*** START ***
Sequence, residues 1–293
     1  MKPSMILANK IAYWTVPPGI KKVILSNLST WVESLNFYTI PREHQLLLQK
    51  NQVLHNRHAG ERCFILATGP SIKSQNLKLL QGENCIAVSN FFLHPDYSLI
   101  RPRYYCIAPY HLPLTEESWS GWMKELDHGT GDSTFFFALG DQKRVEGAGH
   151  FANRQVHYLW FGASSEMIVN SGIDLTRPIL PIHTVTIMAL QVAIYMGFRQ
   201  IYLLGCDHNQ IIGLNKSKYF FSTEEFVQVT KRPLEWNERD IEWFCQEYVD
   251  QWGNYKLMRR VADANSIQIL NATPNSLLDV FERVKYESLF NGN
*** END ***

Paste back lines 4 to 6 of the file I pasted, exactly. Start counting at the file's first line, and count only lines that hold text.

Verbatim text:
   101  RPRYYCIAPY HLPLTEESWS GWMKELDHGT GDSTFFFALG DQKRVEGAGH
   151  FANRQVHYLW FGASSEMIVN SGIDLTRPIL PIHTVTIMAL QVAIYMGFRQ
   201  IYLLGCDHNQ IIGLNKSKYF FSTEEFVQVT KRPLEWNERD IEWFCQEYVD